The government is asking the public to come up with ideas on how the government can become more open.

The consultation, ‘Making Open Data Real’, was launched today following Prime Minister David Cameron’s letter to the Cabinet last month, which announced plans to publish key data on the NHS, criminal courts, schools and transport, as part of the government’s open data and transparency agenda.

“The UK government is determined to have the most ambitious open data agenda of any government in the world. We want to embed this approach throughout the public service and we want to hear from people about how they think we should do this,” said Francis Maude, cabinet minister.

“We want to [take this step] to create public accountability and efficiency in our services and to drive economic and social growth.”

The consultation asks for the public’s views on a number of topics, including how the government might strengthen the rights of individuals and businesses to obtain data from public service providers, and how to set transparency standards that enforce this right to data.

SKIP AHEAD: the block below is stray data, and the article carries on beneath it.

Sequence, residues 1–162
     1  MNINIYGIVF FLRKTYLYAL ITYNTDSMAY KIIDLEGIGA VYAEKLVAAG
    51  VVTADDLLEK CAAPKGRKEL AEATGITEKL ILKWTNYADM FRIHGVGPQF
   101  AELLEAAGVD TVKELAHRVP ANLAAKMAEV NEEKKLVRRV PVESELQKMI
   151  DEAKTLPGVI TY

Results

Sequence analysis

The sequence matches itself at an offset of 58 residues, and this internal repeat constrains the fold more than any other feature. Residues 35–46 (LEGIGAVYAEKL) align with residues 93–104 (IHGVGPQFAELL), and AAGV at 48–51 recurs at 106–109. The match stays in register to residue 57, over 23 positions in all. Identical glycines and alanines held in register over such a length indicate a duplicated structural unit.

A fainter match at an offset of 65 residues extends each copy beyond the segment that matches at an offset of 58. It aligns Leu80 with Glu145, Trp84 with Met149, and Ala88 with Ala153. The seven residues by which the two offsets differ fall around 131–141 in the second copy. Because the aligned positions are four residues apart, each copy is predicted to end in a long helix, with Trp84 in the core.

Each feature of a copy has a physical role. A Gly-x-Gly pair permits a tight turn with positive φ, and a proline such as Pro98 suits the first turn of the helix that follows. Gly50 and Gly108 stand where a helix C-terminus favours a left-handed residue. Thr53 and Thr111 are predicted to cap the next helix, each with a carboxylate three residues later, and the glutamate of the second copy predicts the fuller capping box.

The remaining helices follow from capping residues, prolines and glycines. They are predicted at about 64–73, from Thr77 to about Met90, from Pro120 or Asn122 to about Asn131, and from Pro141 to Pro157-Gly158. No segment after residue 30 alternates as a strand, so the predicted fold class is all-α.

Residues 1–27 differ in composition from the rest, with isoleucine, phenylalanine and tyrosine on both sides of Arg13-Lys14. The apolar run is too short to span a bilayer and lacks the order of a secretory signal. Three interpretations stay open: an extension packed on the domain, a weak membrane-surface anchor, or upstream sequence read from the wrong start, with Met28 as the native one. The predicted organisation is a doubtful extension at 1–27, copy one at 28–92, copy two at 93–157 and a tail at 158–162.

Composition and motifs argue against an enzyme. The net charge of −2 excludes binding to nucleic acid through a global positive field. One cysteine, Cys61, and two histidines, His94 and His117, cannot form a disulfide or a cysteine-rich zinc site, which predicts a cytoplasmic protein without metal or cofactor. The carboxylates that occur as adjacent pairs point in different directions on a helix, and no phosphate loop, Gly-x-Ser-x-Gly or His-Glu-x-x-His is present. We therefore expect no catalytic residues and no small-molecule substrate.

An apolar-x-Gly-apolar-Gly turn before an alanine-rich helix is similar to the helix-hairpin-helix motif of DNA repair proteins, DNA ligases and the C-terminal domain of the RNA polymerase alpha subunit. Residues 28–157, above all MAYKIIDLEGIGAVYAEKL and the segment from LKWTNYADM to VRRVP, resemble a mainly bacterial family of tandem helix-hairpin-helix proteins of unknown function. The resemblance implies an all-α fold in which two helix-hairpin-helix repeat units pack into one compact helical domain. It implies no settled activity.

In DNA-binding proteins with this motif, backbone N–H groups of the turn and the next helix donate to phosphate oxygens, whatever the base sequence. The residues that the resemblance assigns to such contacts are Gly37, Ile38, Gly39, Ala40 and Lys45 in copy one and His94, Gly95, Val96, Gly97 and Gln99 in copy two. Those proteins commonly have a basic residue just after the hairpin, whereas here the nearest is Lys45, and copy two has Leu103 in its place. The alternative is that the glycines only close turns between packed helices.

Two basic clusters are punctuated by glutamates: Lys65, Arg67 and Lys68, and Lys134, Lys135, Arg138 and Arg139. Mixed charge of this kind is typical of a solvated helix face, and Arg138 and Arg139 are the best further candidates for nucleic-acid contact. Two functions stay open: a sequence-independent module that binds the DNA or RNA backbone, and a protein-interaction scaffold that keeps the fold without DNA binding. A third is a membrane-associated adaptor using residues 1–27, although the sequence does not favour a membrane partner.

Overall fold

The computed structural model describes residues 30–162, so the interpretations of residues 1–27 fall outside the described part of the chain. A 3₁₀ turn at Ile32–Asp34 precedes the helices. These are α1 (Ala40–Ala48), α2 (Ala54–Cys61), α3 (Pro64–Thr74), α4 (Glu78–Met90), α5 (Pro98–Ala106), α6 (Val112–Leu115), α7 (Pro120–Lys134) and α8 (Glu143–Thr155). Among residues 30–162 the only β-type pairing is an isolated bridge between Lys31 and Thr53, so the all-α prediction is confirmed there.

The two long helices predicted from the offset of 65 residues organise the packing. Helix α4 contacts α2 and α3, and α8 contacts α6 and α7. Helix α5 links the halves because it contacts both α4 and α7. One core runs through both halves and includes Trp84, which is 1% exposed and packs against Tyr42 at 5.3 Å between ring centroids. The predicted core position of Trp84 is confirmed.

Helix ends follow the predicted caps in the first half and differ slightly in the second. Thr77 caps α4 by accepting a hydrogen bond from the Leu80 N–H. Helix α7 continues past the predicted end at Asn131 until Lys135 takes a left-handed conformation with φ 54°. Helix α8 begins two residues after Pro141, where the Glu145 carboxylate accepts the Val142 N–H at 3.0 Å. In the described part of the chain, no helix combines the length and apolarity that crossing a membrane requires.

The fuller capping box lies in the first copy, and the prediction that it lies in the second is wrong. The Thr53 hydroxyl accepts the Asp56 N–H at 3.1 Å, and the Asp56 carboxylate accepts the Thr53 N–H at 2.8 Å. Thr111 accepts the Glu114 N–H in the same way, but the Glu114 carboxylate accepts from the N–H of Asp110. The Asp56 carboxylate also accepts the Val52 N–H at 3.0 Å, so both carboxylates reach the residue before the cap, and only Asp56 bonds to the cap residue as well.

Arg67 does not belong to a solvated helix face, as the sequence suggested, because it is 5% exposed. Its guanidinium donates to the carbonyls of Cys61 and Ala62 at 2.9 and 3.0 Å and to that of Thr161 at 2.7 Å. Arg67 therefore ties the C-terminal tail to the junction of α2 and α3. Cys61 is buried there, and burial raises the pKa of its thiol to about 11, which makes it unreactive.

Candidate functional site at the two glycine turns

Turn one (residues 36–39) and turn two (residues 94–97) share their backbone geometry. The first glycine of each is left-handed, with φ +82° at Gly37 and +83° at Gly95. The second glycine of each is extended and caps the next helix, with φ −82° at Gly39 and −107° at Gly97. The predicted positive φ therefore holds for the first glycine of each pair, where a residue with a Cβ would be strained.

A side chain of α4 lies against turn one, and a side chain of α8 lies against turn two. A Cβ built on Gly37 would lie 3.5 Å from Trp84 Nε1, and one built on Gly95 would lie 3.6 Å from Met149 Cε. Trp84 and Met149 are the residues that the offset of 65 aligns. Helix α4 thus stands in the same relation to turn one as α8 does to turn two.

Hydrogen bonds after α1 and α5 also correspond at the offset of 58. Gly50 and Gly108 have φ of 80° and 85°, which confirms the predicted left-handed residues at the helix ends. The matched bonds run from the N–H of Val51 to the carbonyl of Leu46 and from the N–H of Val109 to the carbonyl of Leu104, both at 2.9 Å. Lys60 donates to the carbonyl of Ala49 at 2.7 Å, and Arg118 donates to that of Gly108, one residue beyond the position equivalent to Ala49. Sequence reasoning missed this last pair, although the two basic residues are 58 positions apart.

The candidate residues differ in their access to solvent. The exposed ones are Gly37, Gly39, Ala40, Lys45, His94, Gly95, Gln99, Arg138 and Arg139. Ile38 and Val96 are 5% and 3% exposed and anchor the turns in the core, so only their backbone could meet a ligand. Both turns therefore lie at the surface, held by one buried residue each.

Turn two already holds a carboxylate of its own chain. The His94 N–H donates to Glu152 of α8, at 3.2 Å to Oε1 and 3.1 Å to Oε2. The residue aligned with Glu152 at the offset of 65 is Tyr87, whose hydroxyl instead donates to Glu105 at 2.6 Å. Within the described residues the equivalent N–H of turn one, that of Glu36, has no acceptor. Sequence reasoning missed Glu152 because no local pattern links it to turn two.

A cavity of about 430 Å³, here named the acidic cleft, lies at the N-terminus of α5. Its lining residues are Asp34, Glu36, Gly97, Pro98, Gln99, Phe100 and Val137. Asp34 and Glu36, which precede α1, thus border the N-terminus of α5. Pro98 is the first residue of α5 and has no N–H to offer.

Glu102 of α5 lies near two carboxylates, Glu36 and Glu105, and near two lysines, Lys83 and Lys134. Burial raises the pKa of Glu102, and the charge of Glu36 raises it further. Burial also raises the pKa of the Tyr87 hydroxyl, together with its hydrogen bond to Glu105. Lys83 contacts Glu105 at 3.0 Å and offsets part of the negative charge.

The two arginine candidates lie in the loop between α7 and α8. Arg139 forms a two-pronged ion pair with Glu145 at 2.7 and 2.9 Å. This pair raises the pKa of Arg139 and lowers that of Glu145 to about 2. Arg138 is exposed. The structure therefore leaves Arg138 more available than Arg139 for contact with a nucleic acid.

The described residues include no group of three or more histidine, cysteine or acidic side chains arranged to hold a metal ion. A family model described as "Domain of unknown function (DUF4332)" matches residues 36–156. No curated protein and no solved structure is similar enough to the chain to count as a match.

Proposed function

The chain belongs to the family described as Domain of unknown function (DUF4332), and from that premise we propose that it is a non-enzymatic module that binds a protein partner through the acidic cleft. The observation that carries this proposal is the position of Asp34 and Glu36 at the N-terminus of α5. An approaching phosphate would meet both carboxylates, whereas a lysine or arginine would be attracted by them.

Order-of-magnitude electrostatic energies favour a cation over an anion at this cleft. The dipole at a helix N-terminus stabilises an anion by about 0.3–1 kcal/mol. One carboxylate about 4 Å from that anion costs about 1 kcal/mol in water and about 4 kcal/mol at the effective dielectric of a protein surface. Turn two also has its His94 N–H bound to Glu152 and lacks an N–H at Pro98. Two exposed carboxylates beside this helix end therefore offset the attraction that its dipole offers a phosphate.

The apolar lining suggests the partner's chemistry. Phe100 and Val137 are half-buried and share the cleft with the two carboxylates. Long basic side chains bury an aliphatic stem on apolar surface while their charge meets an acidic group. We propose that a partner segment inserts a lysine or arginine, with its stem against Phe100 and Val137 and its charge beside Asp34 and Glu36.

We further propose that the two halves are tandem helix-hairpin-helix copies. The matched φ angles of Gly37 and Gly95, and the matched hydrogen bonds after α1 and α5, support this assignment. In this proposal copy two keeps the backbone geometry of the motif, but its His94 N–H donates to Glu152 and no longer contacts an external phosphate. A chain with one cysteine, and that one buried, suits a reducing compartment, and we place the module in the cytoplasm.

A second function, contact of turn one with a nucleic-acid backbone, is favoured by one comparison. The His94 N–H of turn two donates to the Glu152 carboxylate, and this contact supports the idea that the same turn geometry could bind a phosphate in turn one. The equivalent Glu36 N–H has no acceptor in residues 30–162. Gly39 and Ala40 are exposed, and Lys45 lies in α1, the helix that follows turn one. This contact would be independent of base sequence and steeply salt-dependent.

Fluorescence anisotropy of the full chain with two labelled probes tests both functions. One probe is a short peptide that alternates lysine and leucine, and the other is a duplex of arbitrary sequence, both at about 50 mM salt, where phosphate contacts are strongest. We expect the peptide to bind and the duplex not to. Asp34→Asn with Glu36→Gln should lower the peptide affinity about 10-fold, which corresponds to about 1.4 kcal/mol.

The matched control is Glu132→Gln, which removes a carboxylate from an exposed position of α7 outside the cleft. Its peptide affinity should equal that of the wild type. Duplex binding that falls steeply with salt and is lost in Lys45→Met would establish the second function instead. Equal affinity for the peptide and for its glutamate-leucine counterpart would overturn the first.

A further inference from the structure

People will also be able to voice their opinions on what they think the role of government is in stimulating business by using open data.

In addition, Maude and business minister Edward Davey, have launched a public consultation on data policy for the creation of a Public Data Corporation.

The corporation aims to bring together government bodies and data and provide more freely available data at the point of use. The intention is to provide opportunities for developers, businesses and members of the public to generate social and economic growth through the use of data.

Organisations that could form part of a PDC, due to be established by the end of 2011, are HM Land Registry, Ordnance Survey and the Met Office.

The deadline for responses to both consultations is 27 October 2011.